The Fed's decision last week to adopt the new rules was the first expansion in years of the banking regulators' list of non-banking activities that are permissible for bank holding companies.
The new rule means that these companies, through non-bank subsidiaries, may charge for services that before now they were barred from providing, or could only offer without charge.
According to the Fed, there are about 6,300 bank holding copanies that control over 90 percent of the banking assets in the nation.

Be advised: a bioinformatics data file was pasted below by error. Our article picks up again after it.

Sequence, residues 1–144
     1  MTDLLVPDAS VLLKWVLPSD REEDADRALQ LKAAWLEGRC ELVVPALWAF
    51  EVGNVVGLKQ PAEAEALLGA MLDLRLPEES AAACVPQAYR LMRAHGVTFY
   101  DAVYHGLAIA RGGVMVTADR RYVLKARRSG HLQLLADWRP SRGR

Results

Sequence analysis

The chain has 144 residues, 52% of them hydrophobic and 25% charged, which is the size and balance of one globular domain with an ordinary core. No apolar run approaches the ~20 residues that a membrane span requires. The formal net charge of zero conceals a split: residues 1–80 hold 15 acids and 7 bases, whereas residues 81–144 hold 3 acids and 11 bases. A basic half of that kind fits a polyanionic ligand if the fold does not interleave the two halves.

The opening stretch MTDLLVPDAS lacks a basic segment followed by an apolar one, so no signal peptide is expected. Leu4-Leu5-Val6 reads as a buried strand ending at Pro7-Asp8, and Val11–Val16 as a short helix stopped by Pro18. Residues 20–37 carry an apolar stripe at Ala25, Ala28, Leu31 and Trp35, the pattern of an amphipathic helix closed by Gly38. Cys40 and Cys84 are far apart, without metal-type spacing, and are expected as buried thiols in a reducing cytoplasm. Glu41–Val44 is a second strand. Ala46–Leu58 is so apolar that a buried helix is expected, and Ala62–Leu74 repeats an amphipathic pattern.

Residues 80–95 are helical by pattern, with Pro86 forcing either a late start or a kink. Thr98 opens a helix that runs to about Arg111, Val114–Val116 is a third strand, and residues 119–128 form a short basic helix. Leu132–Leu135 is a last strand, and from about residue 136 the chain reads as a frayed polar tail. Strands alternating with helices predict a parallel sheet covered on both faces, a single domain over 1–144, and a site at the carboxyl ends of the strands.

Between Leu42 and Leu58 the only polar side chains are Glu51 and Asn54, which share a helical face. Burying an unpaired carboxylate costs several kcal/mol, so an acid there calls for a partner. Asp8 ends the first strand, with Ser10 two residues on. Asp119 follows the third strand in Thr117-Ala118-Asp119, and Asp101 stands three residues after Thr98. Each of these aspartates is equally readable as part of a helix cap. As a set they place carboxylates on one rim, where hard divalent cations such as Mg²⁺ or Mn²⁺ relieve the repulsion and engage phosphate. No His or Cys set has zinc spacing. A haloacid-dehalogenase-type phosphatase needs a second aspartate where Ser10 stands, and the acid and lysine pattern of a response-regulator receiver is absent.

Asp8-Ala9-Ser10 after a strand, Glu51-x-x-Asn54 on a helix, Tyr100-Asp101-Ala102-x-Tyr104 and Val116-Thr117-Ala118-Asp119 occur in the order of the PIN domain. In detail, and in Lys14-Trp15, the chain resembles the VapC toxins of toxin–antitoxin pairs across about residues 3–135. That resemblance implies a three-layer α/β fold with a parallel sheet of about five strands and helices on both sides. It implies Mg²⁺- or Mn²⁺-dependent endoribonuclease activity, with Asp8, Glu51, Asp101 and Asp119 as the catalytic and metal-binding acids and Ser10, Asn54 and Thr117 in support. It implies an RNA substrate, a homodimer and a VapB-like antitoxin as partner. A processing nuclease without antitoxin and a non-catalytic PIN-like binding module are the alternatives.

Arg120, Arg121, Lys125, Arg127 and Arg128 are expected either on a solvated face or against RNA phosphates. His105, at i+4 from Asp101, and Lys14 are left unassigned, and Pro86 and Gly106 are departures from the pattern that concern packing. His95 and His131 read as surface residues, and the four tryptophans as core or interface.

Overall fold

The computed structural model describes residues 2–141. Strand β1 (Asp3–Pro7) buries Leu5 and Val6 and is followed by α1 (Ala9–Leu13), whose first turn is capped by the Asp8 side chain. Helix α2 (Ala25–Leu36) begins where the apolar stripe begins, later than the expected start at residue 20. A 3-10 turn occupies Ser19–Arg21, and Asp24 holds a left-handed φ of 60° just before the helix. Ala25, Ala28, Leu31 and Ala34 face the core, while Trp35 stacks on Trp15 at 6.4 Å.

Bank holding companies are any concerns that own a controlling interest in one or more banks.
""We are pleased with these rules,'' said Richard Whiting, general counsel of the Association of Bank Holding Companies. ""We hope the board's action will signal its willingness in the future to exercise its discretion to permit bank holding companies to offer more new products and services to the public.''
He said the Fed's move would give bank holding companies a broad array of services to offer to their customers for a fee. …